I have been thinking for a while now about balancing modern convenience with simple living. When does that convenience become a burden? When is it time to take a step back from the latest technology in favor of actually simplifying life?
So often those latest apps or gadgets or appliances are marketed as time savers and ways to simplify life so that we can do other things… but are they?
I’m starting to think a great many of them actually take away from rather than add to meaningful lives.
How do we balance simple and convenient living?
When the Washing Machine Needs Wi-Fi
Recently our washing machine quit working. Now, it was the machine that came with the house and we think it was about 21 years old. We were not exactly surprised that it gave up the ghost.
When we started shopping for a replacement (because repair simply wasn’t option in this case) we just wanted something simple. We don’t need or want a lot of bells and whistles. I was surprised to see that we could buy a washing machine that could be connected to our smartphones.
I mean, I knew of appliances that are connected to smartphones from advertising. Still, I can’t figure out why this is necessary or even desired. I mean, someone has to put the clothes in the washing machine and take them out so how much convenience is having an app for a washing machine?
I do not eschew modern technology or convenience. Obviously, I use a washing machine and a smartphone. Both have their place in my productive yet simple life. But I do have to constantly question and pay attention to how that technology and convenience plays out in my life.
How much modern convenience?
Obviously, this is a very personal decision but how much modern convenience do we really need?
I work a full-time job, have this blog and side business, run a home, have hobbies, enjoy spending time with my love and more. Washing clothes by hand isn’t something I’m going to do when I can have a washing machine do it for me.
However, it just needs to get the clothes clean, it does not need a wi-fi connection to get that done.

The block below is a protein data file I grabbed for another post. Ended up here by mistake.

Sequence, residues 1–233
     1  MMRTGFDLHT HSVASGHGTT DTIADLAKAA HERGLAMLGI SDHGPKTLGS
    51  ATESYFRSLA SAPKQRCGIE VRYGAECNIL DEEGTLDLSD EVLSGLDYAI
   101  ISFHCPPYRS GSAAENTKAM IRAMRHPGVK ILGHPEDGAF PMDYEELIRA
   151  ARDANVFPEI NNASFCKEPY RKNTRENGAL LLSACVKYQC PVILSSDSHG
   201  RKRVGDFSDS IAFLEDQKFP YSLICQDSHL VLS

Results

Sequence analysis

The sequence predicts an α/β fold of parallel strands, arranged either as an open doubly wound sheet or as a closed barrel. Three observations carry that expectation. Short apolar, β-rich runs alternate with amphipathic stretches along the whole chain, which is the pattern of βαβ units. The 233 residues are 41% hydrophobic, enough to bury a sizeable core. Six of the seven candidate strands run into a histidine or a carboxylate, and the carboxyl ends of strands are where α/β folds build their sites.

I just want to do my laundry. Sometimes I’m going to hang it on the line to dry and sometimes I’m going to use the electric clothes dryer. I don’t need the machines to tell my phone or my phone to tell social media.
Do any of us? Really?
When Convenience Becomes Burden
While some modern conveniences can indeed make our lives simpler – they do not always make life easier or more worthwhile.
It is so easy for us to become slaves to our possessions without even really noticing it.
A washing machine is easier and perhaps more simple than hand washing clothes. In busy lives that require long work weeks. It’s a blessing.
And there are plenty of other comparable examples, the washing machine is just my most current.
Anything that requires more time on the smartphone or computer is probably worth a second look. We spend so much time on our screens that it is often hard to disconnect.
It doesn’t seem worthwhile to find another reason to pick up that phone or scroll an app. If anything, I’m all in favor of taking breaks from those screens and social media in order to connect with the rest of life.
It is so easy for something that seems technologically advanced and cool to become yet another thing that disconnects us from loved ones or the natural world. Suddenly we can’t even put our phones down because the washing machine needs us.
That washing machine that does indeed make life a bit easier has suddenly become something else that needs monitoring and tinkering and weighs us down.
Advertising is so insidious as to make us think that we must have the newest technology, the latest updates, and that everything must be connected all the time. And goodness isn’t that crazy and stressful?